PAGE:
Photo: Priscilla Du Preez
My earliest memories of involve lots of books strewn around the house. I suspect that it was my parents’ way of getting me to read. If it was, it definitely worked, and it’s probably the reason why I write for a living today.
Of course, after graduating from Enid Blyton and R.L. Stine, I found myself flipping through the Zig Ziglars, Dale Carnegies, and Napoleon Hills. As a sixteen-year-old, I never could relate to the lessons in those books, so for me, self-improvement was only something I’d read for fun.
But when I found myself alone and crying in Thailand more than a decade later, a snippet from How To Stop Worrying And Start Living popped right up from the recesses of my mind, like a piece of turd that refuses to be flushed down the toilet. It was a father’s letter to his son, and it went something like this:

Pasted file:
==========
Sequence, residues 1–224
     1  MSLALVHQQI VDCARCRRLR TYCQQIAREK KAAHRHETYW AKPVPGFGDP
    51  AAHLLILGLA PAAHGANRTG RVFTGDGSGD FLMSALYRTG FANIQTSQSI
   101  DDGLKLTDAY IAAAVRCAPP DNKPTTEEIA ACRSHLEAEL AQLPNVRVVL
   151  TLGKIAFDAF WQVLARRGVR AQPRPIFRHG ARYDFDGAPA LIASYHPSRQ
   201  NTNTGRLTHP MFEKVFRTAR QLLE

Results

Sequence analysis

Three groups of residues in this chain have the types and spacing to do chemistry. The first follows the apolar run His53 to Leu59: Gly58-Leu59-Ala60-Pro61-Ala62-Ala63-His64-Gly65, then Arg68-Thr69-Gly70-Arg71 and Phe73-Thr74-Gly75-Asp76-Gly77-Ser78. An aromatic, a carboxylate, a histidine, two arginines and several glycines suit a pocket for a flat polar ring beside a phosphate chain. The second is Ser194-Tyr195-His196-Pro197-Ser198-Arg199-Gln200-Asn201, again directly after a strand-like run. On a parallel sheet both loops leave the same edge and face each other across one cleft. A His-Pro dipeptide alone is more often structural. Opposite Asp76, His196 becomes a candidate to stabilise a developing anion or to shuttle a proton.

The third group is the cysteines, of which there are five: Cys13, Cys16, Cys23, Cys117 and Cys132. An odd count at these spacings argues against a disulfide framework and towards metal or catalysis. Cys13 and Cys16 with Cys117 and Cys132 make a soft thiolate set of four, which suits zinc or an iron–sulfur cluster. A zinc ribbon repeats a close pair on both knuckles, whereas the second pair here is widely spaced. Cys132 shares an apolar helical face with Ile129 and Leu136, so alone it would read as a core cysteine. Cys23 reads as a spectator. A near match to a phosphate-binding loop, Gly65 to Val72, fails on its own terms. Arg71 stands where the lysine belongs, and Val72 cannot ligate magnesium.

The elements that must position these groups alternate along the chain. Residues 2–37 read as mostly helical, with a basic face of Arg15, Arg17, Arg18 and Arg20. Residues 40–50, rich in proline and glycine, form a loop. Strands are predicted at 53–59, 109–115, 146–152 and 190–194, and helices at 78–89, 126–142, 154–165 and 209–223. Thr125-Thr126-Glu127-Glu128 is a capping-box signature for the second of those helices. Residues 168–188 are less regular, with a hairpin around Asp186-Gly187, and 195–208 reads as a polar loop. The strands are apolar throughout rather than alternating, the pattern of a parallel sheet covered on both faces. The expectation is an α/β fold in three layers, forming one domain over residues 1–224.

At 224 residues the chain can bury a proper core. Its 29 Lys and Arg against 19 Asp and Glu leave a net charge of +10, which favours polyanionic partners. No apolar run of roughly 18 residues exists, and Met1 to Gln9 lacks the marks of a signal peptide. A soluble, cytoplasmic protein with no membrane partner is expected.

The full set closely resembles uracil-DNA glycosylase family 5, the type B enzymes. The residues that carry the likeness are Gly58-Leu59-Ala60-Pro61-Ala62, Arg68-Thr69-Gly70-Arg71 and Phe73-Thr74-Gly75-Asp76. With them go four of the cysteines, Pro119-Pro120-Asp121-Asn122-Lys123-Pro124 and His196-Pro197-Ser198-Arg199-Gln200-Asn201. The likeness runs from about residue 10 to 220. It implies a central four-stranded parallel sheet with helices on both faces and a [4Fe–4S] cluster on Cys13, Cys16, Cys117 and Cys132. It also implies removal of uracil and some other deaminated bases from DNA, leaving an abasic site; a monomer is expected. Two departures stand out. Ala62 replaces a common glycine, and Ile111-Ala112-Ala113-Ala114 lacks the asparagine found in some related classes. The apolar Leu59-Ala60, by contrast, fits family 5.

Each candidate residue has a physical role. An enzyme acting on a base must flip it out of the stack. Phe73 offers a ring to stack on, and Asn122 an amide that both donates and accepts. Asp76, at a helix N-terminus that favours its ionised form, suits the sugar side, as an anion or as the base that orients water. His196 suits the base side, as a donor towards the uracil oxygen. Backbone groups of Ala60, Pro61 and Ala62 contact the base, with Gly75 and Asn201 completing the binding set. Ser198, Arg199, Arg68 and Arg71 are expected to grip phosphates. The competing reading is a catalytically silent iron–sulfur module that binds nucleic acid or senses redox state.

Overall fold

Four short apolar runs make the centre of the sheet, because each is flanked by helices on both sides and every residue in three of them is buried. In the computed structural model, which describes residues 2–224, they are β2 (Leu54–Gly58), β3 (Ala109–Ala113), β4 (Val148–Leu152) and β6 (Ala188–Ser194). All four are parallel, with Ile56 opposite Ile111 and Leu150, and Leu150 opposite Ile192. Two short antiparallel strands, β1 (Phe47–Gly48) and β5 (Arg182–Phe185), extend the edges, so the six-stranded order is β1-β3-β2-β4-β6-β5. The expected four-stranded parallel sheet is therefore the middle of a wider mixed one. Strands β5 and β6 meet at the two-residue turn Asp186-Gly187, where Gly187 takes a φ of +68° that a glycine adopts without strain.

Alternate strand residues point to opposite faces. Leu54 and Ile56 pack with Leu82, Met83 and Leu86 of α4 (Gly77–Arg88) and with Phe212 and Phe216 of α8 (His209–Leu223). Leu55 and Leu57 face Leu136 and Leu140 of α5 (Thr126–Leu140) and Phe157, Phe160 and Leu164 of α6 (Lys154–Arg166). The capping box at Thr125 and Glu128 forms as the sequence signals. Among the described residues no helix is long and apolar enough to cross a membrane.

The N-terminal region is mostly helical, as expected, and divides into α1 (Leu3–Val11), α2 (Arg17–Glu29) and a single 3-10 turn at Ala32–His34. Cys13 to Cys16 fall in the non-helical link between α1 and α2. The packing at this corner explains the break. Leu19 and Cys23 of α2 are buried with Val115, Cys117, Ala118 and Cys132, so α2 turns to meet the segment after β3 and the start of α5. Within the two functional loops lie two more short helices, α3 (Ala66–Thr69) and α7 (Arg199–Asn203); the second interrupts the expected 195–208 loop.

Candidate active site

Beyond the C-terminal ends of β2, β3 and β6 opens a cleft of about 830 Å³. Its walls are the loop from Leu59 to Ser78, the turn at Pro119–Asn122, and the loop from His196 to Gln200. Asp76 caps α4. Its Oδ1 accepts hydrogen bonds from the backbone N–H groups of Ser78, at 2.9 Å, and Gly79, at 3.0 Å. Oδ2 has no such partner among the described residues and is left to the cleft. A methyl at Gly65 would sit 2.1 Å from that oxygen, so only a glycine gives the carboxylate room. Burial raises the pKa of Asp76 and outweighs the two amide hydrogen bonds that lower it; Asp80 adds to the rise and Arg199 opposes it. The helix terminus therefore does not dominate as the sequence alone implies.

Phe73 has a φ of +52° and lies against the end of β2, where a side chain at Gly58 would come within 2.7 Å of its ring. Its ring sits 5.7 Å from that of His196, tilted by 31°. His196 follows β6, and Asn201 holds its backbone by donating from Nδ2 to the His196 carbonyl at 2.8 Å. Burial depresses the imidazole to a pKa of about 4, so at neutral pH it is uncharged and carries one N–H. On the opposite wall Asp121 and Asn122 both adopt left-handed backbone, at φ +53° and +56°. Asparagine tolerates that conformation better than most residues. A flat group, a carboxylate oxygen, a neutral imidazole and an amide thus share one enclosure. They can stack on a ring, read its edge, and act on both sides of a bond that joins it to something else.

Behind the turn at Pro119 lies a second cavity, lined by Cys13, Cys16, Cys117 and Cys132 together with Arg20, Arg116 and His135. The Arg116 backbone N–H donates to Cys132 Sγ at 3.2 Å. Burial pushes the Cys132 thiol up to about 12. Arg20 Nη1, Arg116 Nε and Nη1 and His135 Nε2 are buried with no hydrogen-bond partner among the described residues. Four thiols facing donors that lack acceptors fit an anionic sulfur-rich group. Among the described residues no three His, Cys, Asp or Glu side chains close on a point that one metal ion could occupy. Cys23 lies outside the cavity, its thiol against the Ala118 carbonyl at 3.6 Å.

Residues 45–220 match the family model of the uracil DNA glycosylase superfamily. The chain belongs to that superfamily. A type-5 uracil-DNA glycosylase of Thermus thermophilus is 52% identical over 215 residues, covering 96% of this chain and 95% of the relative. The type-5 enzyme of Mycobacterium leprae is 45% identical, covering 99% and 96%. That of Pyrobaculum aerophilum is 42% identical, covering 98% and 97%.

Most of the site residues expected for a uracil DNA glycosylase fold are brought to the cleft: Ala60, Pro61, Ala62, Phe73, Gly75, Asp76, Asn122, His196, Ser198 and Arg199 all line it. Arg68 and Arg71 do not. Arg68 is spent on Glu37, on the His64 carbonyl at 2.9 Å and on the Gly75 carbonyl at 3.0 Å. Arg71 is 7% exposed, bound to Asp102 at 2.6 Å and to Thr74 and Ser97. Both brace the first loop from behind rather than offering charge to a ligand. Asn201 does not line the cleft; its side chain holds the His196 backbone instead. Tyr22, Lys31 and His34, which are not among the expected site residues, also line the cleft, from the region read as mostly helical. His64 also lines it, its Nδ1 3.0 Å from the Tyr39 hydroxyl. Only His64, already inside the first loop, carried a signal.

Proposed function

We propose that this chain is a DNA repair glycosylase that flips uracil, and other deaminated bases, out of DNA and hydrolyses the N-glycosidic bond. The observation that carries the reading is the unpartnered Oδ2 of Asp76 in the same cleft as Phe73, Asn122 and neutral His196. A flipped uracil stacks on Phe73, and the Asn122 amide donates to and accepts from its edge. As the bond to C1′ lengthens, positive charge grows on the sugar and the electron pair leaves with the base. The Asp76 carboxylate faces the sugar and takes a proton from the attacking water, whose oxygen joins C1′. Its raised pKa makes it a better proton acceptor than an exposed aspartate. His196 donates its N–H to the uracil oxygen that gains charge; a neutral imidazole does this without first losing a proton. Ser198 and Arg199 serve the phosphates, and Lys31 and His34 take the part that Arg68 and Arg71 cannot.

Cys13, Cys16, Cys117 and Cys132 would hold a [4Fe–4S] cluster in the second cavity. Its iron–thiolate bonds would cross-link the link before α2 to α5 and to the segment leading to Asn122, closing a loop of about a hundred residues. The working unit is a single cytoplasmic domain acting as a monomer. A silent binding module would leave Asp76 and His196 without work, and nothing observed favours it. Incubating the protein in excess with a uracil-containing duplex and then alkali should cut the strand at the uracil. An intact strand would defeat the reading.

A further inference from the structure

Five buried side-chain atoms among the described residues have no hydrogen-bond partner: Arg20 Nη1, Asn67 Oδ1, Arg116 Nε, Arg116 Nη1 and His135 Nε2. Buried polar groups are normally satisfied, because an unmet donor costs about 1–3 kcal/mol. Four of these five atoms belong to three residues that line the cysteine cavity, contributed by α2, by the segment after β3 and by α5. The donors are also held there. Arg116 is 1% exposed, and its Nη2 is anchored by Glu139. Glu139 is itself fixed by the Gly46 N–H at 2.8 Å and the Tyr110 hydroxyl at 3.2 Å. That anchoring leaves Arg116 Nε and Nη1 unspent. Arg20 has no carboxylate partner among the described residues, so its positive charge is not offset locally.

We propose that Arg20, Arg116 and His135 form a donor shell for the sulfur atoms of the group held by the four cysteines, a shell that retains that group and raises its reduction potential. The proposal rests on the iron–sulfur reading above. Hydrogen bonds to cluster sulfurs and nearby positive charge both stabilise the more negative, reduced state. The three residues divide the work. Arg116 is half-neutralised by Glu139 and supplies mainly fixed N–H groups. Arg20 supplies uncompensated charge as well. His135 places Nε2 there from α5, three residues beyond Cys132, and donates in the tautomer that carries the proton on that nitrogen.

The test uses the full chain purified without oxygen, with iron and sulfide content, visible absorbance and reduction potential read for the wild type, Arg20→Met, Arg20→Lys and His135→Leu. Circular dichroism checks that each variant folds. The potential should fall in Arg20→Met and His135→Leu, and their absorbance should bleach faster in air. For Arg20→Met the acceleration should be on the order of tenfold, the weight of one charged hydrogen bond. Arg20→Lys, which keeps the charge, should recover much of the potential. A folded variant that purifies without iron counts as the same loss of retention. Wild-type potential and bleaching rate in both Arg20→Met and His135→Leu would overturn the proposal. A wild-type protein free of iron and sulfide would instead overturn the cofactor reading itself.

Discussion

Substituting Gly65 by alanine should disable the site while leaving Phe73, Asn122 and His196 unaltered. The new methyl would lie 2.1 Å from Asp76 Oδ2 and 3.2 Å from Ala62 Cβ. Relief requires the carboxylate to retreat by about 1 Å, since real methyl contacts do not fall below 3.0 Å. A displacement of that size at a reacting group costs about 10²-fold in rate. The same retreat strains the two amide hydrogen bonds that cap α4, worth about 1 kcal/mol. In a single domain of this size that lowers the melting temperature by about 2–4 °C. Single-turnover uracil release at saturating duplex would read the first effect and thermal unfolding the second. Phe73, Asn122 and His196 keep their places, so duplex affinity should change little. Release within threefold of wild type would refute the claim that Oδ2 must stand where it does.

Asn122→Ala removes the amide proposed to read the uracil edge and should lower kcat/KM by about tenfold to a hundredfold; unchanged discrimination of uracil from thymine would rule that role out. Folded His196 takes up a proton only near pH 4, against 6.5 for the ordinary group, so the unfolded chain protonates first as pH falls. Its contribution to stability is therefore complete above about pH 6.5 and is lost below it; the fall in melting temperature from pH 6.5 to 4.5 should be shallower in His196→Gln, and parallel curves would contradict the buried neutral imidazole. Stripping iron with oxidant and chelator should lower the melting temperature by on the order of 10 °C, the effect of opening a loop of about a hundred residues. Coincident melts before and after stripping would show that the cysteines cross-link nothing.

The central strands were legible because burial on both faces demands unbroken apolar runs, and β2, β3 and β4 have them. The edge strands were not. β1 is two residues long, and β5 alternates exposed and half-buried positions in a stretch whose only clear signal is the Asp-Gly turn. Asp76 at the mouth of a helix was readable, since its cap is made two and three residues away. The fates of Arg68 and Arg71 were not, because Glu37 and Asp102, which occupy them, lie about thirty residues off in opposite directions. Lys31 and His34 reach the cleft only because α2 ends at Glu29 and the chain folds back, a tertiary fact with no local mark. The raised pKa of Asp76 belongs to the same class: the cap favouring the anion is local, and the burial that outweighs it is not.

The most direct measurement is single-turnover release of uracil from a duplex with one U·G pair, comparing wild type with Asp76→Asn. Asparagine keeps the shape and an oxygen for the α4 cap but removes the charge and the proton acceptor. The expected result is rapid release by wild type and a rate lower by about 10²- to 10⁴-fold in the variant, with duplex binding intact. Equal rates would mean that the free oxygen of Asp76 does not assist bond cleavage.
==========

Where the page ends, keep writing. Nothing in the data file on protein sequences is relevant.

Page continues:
“I don’t understand why you can’t get a girlfriend,” Craig said.
I looked up from my Word document. “What.”
“Yeah, it’s not like you’re butt-ugly or anything.”
“Thanks… I think.”
“No no no. I didn’t mean it that way. I meant—”
“Haha!” Diane chimed in. “No need to apologise. He is ugly. Maybe not butt-ugly, but regular-ugly.”
So I was at a local food stall with Jo, staring at my glass of water. Deja vu. I knew I’ve lived this moment before but I can’t quite put my finger on it. Finger? Rhymes with anger. Anger makes me want to punch things. Punch? Kickboxing. Thailand. Then I remembered.
I was in Thailand, staring at my glass of water. I looked at the pitcher where it was poured from. Every meal came with a complimentary serving of refillable water. I didn’t get sick drinking the same water for the past few days, so I wasn’t even bothered if it came from the toilet pipe.